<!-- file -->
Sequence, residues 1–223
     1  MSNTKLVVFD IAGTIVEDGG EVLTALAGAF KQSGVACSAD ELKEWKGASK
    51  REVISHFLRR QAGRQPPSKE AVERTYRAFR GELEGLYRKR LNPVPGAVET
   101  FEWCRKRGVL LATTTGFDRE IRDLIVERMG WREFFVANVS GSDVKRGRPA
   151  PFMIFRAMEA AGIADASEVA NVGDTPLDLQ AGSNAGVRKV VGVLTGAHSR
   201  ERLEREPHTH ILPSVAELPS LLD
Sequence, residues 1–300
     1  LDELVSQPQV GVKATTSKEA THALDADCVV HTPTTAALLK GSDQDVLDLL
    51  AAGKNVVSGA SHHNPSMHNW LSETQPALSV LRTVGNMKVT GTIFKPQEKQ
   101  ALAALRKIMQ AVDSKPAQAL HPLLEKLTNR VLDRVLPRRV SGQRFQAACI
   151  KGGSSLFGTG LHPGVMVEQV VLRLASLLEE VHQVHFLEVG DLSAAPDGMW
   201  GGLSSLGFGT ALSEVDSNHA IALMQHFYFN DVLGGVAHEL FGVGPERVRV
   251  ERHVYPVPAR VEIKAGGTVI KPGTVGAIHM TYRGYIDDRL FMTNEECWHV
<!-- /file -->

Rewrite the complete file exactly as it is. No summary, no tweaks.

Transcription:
Sequence, residues 1–223
     1  MSNTKLVVFD IAGTIVEDGG EVLTALAGAF KQSGVACSAD ELKEWKGASK
    51  REVISHFLRR QAGRQPPSKE AVERTYRAFR GELEGLYRKR LNPVPGAVET
   101  FEWCRKRGVL LATTTGFDRE IRDLIVERMG WREFFVANVS GSDVKRGRPA
   151  PFMIFRAMEA AGIADASEVA NVGDTPLDLQ AGSNAGVRKV VGVLTGAHSR
   201  ERLEREPHTH ILPSVAELPS LLD
Sequence, residues 1–300
     1  LDELVSQPQV GVKATTSKEA THALDADCVV HTPTTAALLK GSDQDVLDLL
    51  AAGKNVVSGA SHHNPSMHNW LSETQPALSV LRTVGNMKVT GTIFKPQEKQ
   101  ALAALRKIMQ AVDSKPAQAL HPLLEKLTNR VLDRVLPRRV SGQRFQAACI
   151  KGGSSLFGTG LHPGVMVEQV VLRLASLLEE VHQVHFLEVG DLSAAPDGMW
   201  GGLSSLGFGT ALSEVDSNHA IALMQHFYFN DVLGGVAHEL FGVGPERVRV
   251  ERHVYPVPAR VEIKAGGTVI KPGTVGAIHM TYRGYIDDRL FMTNEECWHV